Advocates To End Domestic Violence (NV)
AIDS Alabama (AL)
Alameda County Community Food Bank (CA)
American Association of People with Disabilities
American Public Health Association
Americans for Democratic Action (ADA)
Arizona Food Bank Network (AZ)
Asian Pacific American Labor Alliance, AFL-CIO
Association of People Supporting Employment First (APSE) (MD)
Autistic Self Advocacy Network
Baltimore Harm Reduction Coalition (MD)
Bmore Power (MD)
Bread For the World
California Alliance for Retired Americans (CA)
California Association of Food Banks (CA)
Carson Valley Community Food Closet (CA)
Casa-Trinity Inc.- Tioga County (NY)
Center for Employment Opportunities
Center for Great Expectations (NJ) Center for Law and Justice
Center for Law and Social Policy (CLASP)
Center for LGBTQ Economic Advancement & Research (CLEAR)
Center for Popular Democracy
Center for Responsible Lending
Central Texas Harm Reduction (TX)
Charlotte Center for Legal Advocacy (NC)
Children's Defense Fund
Church of Scientology National Affairs Office
Church World Service
Coalition on Human Needs
Color Of Change
Community Catalyst
Community Housing Partnership (CA)
Compass Family Services (CA)
Council on American-Islamic Relations (CAIR)
CURE (Citizens United for Rehabilitation of Errants)
Disability and Aging Justice Clinic (NY)
Disciples Center for Public Witness
Equal Justice Society
Equal Rights Advocates
Fair and Just Prosecution
Federation of Virginia Food Banks (VA)
Feed More (VA)
Feeding America Eastern Wisconsin (WI)
Feeding Louisiana (LA)
Feeding Wisconsin (WI)
Friends Committee on National Legislation
Food Bank of Northern Nevada (NV)
Food for People (CA)
Food Research & Action Center (FRAC)
Forward Justice (NC)
Freedom Agenda
Futures Without Violence
G III Associates, LLC (DC)
Greater Pittsburgh Community Food Bank (PA)
Harvesters--The Community Food Network (KS/MO)
Health in Justice Action Lab (MA)
HealthRIGHT 360 (CA)
Heartland Alliance
HOPE Food Pantry at Susanville United Methodist Church (CA)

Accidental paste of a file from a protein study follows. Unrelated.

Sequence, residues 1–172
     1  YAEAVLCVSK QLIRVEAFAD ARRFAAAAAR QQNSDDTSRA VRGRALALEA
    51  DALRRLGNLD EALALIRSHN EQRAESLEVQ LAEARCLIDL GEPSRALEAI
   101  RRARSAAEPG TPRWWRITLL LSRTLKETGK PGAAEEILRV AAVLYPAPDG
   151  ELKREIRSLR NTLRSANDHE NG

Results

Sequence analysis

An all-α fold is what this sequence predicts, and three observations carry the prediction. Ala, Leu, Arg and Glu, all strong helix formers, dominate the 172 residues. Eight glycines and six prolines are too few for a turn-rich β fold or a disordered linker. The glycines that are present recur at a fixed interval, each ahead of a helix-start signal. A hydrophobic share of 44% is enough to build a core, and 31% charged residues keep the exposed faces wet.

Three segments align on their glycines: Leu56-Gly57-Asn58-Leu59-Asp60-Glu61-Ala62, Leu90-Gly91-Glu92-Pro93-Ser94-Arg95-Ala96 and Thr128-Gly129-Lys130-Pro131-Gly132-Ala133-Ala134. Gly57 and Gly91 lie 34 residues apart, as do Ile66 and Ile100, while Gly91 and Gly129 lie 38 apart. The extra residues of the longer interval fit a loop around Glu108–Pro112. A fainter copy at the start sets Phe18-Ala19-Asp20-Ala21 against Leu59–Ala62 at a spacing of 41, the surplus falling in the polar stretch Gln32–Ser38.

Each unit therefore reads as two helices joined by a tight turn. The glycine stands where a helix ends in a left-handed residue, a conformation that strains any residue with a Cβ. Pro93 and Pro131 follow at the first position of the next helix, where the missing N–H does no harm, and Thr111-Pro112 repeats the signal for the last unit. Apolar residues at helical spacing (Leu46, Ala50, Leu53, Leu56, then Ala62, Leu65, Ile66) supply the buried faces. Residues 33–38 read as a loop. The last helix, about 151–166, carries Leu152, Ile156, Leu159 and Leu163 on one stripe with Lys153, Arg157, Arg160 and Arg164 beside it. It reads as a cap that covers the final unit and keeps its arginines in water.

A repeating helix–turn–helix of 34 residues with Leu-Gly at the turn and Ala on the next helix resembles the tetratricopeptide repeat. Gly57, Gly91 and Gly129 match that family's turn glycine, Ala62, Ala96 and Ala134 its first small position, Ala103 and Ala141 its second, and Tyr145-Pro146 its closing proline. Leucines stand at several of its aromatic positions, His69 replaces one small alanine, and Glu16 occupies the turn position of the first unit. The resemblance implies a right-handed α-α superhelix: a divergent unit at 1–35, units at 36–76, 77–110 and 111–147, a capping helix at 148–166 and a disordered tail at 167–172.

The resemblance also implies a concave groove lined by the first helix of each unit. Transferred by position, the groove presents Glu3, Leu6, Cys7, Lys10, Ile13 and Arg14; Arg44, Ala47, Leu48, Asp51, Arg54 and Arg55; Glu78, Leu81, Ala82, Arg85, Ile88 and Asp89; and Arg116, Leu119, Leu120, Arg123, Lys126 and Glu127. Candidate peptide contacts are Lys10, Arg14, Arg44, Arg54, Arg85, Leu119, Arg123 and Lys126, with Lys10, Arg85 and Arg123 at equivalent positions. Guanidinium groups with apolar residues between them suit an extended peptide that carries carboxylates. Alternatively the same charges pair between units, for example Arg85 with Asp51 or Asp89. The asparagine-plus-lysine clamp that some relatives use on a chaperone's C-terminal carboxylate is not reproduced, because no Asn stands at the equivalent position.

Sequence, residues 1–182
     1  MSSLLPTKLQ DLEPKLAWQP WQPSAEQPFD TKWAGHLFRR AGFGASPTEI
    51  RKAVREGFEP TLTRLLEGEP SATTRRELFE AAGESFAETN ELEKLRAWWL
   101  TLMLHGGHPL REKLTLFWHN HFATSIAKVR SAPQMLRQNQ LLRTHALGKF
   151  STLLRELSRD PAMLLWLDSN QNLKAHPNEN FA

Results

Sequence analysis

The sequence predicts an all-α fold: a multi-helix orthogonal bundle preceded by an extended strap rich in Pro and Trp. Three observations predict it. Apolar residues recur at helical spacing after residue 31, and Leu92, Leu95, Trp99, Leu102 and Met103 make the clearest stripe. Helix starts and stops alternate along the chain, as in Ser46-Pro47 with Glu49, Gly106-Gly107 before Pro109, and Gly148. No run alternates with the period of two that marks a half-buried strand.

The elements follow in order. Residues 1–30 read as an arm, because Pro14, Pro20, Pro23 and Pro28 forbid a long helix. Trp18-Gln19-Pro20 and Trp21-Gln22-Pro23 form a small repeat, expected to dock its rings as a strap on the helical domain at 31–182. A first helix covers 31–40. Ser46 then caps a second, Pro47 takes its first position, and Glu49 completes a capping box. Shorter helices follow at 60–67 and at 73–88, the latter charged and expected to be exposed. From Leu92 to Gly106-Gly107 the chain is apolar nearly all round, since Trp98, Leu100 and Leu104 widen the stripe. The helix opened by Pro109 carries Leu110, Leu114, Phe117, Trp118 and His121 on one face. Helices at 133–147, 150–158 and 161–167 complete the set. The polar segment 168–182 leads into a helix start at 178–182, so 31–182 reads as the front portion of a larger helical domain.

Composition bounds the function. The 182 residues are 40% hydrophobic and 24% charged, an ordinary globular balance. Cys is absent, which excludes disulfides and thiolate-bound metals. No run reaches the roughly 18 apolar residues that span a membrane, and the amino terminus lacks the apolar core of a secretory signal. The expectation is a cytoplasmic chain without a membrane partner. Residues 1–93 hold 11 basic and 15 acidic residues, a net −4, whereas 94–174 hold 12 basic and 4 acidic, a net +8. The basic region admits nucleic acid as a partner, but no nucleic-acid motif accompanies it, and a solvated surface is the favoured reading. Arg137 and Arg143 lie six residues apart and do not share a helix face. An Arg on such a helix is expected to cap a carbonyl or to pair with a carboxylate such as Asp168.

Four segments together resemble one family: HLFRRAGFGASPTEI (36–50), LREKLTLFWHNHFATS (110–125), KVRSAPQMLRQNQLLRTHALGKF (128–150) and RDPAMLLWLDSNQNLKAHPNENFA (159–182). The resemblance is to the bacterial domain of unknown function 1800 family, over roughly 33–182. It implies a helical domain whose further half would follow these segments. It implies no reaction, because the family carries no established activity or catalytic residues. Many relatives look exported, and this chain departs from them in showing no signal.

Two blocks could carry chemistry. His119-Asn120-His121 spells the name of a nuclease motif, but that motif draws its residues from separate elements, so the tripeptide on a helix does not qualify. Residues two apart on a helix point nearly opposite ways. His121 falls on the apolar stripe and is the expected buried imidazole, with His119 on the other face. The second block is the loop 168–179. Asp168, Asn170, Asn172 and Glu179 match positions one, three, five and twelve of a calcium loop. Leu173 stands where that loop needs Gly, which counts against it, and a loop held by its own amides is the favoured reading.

Housing and Community Development Network of NJ (NJ)
Human Rights Watch
Hunger Action Los Angeles Inc (CA)
Hunger-Free PA (PA)
ICNA Council for Social Justice
Interfaith Action for Human Rights
Interfaith Food Pantry Network (NJ)
Interfaith Food Pantry of the Oranges (NJ)
Jewish Council for Public Affairs
Just Future Project
Justice in Aging
Law Enforcement Action Partnership
Legal Action Center
LGBTQ Allyship (WA)
Los Angeles LGBT Center (CA)
Lutheran Episcopal Advocacy Ministry NJ (NJ)
Maryland Communities United (MD)
Medication Assisted Treatment Support & Awareness (MATSA) (WV) Mental Health Association of San Francisco (CA)
NAMI San Francisco (CA)
National Alliance of State and Territorial AIDS Directors (NASTAD)
National Association of Criminal Defense Lawyers
National Association of Social Workers
National Center for Lesbian Rights
National Coalition for Asian Pacific American Community Development
National Coalition for the Homeless
National Conference of Black Lawyers
National Council of Churches
National Disability Rights Network (NDRN)
National Health Care for the Homeless Council
National HIRE Network
National Network of Arab American Communities (NNAAC)
National WIC Association
National Women's Law Center
NC Justice Center (NC)
NC Reentry Innovators for Success, Inc. (NC)
NC Second Chance Alliance (NC)
NETWORK Lobby for Catholic Social Justice
Network of Jewish Human Service Agencies
New Georgia Project Action Fund (GA)
New Life Assembly of God, Reno (NV)
North Carolina Justice Center (NC)
Nourish California (CA)
Operation Restoration (LA)
Parent Voices CA (CA)
People's Action
Positive Women's Network-USA
Prison Policy Initiative
Project Bread (MA)
Quest Counseling & Consulting (NV)
Reframe Health and Justice
Right Choice Recovery (NJ)
Ron Wood Family Resource Center (NV)
Rural Health Network SCNY (NY)
SAARA of Virginia (VA)
Safer Foundation
Saint Francis of Assisi Food Pantry (NV)
San Francisco Pretrial Diversion Project (CA)
San Francisco Public Defender's Office (CA)
San Francisco Senior & Disability Action (CA)
San Francisco-Marin Food Bank (CA)
Second Harvest of Silicon Valley (CA)
Social Action Linking Together (SALT) (VA)
Southern Poverty Law Center Action Fund
Southern Tier AIDS Program (NY)
Sparks United Methodist Church Food Pantry (NV)
St Francis of Assisi Food Pantry, Reno (NV)
Stop Stigma Now (NY)
Strollpdx (OR)
Students for Sensible Drug Policy
Swords to Plowshares (CA)
The Black Sex Worker Collective
The Bridge Church (NV)
The Center for Community Transitions (NC)
The Daniel Initiative
The DC Center for LGBTQ Community (DC)
The Lesbian, Gay, Bisexual & Transgender Community Center (NY)
The Levenson Foundation The Sentencing Project
The WEL Foundation (NY)
The Women's Building (CA)
TN State Conference NAACP (TN)
Transgender Law Center
Treatment Communities of America
Treatment On Demand Coalition SF (CA)
Trust for America's Health
Truth Pharm Inc. (NY)
Union for Reform Judaism
United Church of Christ, Justice and Witness Ministries
Urban Survivors Union
Utahns Against Hunger (UT)
Virginians Organized for Interfaith Community Engagement (VA)
Virginia Poverty Law Center (VA)
Washington Office on Latin America (WOLA)
Washington Statewide Reentry Council (WA)
Western Center on Law and Poverty (CA)